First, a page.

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Alaska EarthQuake Measures 7.1 Magnitude, Leaves Less Impact

Sparingly populated Alaska region was hit by 7.1 magnitude earthquake at 1:30 AM with its epicentre located 85-KM from Anchor Point in Kenai peninsula, said US Geological Survey (USGS) but no damages have been reported so far. Otherwise, the epicentre is the same place where the world’s second largest global earthquake was ever recorded, the M 9.3 Great Alaska earthquake of March 27, 1964.

Though seismologist Michael West said it was one of the strongest earthquakes in decades, Alaska experienced 7.9 earthquake last year in Aleutian Islands. With aftershocks still going on in the range of 2.5 to 4 magnitude in the vicinity, Anchorage residents and Valdez police departments said they hadn’t received any reports of injuries.

Kenai battalion chief Tony Prior said, "No injuries. Thank God,” he said. “The second one was a major explosion. We’re fortunate that no one was hurt.” Nearly 30 homes were evacuated and put up in a shelter run by the Kenai National Guard Armory.

"It started out as a shaking and it seemed very much like a normal earthquake. But then it started to feel like a normal swaying, like a very smooth side—to—side swaying,” said Nusunginya, director of audience at the Peninsula Clarion newspaper told media.
There was considerable confusion about the magnitude as USGS first reported it as 7.1M and later scaled it down to 6.8M but soon reverted it to 7.1M. Soon 4.7M aftershock hit the region while the aftershocks are in the range of 2M now.

The impact was seen in power outages from the Matanuska Electric Association and Chugach Electric in the Anchorage area with about 4,800 customers complaining that there was no power.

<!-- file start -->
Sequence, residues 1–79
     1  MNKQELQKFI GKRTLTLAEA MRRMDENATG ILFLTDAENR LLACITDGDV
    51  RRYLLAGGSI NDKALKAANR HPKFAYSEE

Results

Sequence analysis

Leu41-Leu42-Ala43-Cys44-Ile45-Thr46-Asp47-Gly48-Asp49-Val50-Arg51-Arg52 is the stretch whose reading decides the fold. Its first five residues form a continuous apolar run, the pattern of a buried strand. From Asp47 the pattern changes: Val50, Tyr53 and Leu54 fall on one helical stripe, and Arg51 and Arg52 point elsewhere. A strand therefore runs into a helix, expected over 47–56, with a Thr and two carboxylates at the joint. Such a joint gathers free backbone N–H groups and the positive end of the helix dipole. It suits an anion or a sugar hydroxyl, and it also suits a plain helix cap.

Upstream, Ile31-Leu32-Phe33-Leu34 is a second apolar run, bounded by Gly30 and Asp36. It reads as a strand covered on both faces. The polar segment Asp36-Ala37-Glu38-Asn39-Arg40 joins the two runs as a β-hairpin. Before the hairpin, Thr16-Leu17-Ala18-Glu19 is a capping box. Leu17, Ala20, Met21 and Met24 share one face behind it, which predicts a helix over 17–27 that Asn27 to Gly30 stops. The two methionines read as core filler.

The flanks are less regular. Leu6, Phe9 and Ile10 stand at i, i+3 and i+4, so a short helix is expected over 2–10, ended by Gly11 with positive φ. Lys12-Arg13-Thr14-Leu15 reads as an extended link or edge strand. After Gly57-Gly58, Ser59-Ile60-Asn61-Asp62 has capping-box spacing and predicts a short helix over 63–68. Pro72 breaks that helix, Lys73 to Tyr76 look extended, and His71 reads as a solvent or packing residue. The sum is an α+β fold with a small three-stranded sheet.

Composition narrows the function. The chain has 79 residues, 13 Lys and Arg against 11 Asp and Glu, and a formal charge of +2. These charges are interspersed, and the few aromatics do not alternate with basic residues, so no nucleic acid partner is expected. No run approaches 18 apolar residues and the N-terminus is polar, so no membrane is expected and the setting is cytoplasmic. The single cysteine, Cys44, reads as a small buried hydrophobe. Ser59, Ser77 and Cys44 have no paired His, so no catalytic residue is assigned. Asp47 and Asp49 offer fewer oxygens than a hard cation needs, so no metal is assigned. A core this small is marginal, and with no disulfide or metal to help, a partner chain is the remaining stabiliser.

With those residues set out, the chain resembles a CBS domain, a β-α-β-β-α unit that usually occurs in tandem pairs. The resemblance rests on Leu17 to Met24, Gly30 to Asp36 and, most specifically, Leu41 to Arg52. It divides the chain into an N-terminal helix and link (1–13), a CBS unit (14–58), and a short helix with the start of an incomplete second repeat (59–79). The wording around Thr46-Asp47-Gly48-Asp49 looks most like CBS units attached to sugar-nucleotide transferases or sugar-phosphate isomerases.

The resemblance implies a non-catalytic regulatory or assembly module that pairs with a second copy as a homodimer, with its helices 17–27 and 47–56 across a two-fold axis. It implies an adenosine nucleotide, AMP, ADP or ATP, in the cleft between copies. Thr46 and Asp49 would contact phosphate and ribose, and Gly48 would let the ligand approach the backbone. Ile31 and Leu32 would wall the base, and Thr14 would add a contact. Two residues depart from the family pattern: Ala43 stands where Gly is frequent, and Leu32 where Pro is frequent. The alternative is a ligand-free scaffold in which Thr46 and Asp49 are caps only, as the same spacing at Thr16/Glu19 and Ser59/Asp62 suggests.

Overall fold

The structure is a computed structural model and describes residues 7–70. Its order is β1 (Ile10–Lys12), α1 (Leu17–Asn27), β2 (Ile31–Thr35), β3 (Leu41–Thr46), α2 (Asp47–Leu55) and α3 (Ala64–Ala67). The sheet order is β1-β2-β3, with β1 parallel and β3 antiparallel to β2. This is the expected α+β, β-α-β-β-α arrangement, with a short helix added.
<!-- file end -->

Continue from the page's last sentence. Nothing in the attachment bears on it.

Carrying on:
2016-01-24 10:30:30 (UTC)
2016-01-24 16:00:30 (IST)

Nearby Cities
83km (52mi) E of Old Iliamna, Alaska
261km (162mi) SW of Anchorage, Alaska
295km (183mi) SW of Knik-Fairview, Alaska
648km (403mi) SSW of College, Alaska
1024km (636mi) W of Whitehorse, Canada

Tectonic View

The earthquake southwest of Anchorage, Alaska, occurred as the result of strike-slip faulting at intermediate depths, within the subducted lithosphere of the Pacific plate, said USGS. In the region of the earthquake, the Pacific plate moves northwestward with respect to North America at a rate of 60 mm/yr, and begins its decent into the mantle at the Alaska-Aleutian Trench almost 400 km to the southeast of this earthquake.

Earthquakes like this event, with focal depths between 70 and 300 km, are commonly termed "intermediate-depth" earthquakes. Intermediate-depth earthquakes represent deformation within subducted slabs rather than at the shallow plate interfaces between subducting and overriding tectonic plates. They typically cause less damage on the ground surface above their foci than is the case with similar magnitude shallow-focus earthquakes, but large intermediate-depth earthquakes may be felt at great distance from their epicenters. Earthquakes have been reliably located to depths of about 220 km in this region.

Southern Alaska frequently experiences earthquake activity in relation to the Pacific:North America subduction zone plate boundary. The shallow interface between these plates to the southeast of the January 24, 2016 earthquake was the location of the second largest global earthquake ever recorded, the M 9.3 Great Alaska earthquake of March 27, 1964.

Also 17 earthquakes of M 6 or larger have occurred within 250 km of the January 24, 2016 earthquake, the largest being an M 7.0 aftershock of the Great Alaska earthquake in July 1965. The previous largest intermediate depth earthquake in the region was a M 6.8 event in July 2001, 120 km to the southwest of the epicentre.

[tags, alaska earthquake, magnitude, confusion, usgs, impact, power outage, injuries, no deaths, no injuries, evacuation, anchorage ]

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